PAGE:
October 1, 2015

Netflix as a paradigm...or it's the content, stupid!!

There is no doubt that the significance of content in the media and digital spaces is paramount, and that thousands of reports, articles, books and posts have been written about it. Even major corporate deals have been reportedly completed - Verizon's recent acquisition of AOL is a case in point - on the basis of content. 

Content is king and becoming more and more significant. And when speaking of content, Netflix is one of those names that comes to mind right away. I have had some sort of direct experience about this most recently. 
Netflix, HBONow, Sling, Hulu, Amazon Prime... it is amazing how quickly you can get used to the seamless experience of having all the shows, documentaries and movies (i.e. content) you want within your reach at any time, without neither ads nor schedule constrains. Today, I am all in when it comes to cutting the cable cord. And I was not aware that I felt so strongly about it until circumstances have forced me to change my adopted habits and get back to cable tv.

My entertainment menu while in the U.S. came from over-the-top services such as Netflix, Amazon Prime and, more recently, HBONow. I have digested content like crazy, at my own pace, whenever I have wanted to. However, after landing in Spain I confirmed my fears: none of these services is available in Spain (well, Netflix just announced its forthcoming Spanish launch on October 20, thank god). That has led me to Telefonica's pay-tv offering which, in turn, has quickly discouraged me from watching tv at all. I can't stand the experience, I seldom find interesting content at a time that works for me.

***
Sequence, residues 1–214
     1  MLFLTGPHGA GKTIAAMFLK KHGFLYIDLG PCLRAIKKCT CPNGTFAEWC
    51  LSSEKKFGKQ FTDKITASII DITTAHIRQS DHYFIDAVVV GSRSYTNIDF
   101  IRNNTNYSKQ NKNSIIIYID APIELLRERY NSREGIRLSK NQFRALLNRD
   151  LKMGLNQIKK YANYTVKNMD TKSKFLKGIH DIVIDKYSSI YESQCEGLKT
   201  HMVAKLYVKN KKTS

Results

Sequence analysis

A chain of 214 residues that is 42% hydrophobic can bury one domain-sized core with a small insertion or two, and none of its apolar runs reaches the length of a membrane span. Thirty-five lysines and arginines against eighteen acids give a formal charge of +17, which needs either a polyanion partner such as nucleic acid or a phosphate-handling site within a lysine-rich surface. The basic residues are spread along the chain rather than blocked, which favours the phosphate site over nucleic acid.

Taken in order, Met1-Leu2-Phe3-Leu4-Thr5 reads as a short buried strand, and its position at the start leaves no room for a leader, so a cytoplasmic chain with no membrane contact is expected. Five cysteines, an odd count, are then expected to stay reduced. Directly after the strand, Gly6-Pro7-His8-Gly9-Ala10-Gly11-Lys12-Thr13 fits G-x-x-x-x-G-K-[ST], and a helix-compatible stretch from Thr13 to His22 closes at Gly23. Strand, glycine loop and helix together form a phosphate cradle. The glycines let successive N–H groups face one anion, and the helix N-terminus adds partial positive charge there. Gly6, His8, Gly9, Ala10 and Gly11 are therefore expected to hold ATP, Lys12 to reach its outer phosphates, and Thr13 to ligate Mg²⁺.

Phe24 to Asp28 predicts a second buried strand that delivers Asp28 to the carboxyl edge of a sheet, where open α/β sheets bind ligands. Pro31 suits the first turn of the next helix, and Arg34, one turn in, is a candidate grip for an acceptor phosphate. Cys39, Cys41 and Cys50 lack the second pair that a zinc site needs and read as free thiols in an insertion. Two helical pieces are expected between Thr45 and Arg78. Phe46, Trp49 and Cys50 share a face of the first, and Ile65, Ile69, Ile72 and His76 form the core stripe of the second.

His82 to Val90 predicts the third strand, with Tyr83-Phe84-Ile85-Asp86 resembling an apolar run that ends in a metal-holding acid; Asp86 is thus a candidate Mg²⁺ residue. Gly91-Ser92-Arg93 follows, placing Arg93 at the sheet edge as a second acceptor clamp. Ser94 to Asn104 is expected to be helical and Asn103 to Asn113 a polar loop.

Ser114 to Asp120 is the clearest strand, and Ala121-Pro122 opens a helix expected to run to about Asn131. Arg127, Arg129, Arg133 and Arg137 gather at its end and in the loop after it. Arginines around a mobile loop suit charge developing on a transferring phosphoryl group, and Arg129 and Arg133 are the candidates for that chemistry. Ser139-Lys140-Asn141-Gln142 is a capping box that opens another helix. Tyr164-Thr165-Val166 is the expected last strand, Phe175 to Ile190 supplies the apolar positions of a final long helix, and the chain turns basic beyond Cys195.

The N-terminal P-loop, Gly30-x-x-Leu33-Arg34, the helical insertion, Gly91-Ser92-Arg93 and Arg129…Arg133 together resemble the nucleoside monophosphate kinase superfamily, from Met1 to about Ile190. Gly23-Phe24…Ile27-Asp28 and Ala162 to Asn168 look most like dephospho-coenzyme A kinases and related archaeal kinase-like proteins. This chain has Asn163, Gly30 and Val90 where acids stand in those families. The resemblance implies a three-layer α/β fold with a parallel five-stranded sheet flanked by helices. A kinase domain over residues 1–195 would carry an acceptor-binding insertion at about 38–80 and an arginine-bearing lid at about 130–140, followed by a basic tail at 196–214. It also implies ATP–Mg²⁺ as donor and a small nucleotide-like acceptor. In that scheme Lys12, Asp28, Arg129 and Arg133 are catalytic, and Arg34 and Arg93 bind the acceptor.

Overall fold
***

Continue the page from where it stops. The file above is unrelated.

Unfortunately, Spain has traditionally be at the very top in the global piracy rankings, both in relative and absolute terms. It is also often said that this is the result of a country culture. I am not gonna say that the latter is not partially true, but I am also pretty sure that the reality would be a very different one had Netflix or others been around for quite some time. Changing the existing mindset and making people pay monthly to get content is going to take a while.

Speaking of Netflix as a paradigm of good and relevant content, I couldn't help sharing their latest native advertising campaign - Cocainenomics, on the occasion of the premiere of "Narcos" - on the Wall Street Journal. It is jaw-dropping.

Native advertising is a growing trend in digital advertising: it is the practice of making an ad on a platform resemble the look and feel of whatever content the user is there to see or read. This a growing digital advertising segment has been forecasted to be worth $5-10 billion in 2016.  

All experts point out that, in order for native advertising to become the more engaging tool it is for the user, advertisers need to be able to tell stories, to connect with their audience, to address the later's needs. And content - more accurately, the meaningful and quality content - is the secret ingredient that guarantees success, for both publishers (more money) and brands (more brand awareness)...and readers (engagement). 

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